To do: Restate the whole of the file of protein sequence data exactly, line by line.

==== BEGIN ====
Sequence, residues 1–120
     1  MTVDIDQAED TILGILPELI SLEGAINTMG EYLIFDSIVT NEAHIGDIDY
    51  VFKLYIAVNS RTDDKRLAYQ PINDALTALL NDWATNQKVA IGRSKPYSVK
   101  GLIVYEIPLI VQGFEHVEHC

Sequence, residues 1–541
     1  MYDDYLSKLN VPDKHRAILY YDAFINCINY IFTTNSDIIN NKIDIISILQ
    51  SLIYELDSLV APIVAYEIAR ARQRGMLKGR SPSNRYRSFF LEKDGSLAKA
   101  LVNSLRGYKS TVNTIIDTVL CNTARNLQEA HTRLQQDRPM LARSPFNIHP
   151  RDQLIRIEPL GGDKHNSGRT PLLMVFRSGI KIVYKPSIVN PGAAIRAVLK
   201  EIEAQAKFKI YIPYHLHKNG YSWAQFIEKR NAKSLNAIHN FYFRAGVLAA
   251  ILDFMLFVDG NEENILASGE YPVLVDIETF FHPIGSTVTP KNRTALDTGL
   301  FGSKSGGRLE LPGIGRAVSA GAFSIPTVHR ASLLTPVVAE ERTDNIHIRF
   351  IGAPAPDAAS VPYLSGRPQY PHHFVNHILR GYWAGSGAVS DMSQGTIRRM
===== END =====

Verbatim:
Sequence, residues 1–120
     1  MTVDIDQAED TILGILPELI SLEGAINTMG EYLIFDSIVT NEAHIGDIDY
    51  VFKLYIAVNS RTDDKRLAYQ PINDALTALL NDWATNQKVA IGRSKPYSVK
   101  GLIVYEIPLI VQGFEHVEHC

Sequence, residues 1–541
     1  MYDDYLSKLN VPDKHRAILY YDAFINCINY IFTTNSDIIN NKIDIISILQ
    51  SLIYELDSLV APIVAYEIAR ARQRGMLKGR SPSNRYRSFF LEKDGSLAKA
   101  LVNSLRGYKS TVNTIIDTVL CNTARNLQEA HTRLQQDRPM LARSPFNIHP
   151  RDQLIRIEPL GGDKHNSGRT PLLMVFRSGI KIVYKPSIVN PGAAIRAVLK
   201  EIEAQAKFKI YIPYHLHKNG YSWAQFIEKR NAKSLNAIHN FYFRAGVLAA
   251  ILDFMLFVDG NEENILASGE YPVLVDIETF FHPIGSTVTP KNRTALDTGL
   301  FGSKSGGRLE LPGIGRAVSA GAFSIPTVHR ASLLTPVVAE ERTDNIHIRF
   351  IGAPAPDAAS VPYLSGRPQY PHHFVNHILR GYWAGSGAVS DMSQGTIRRM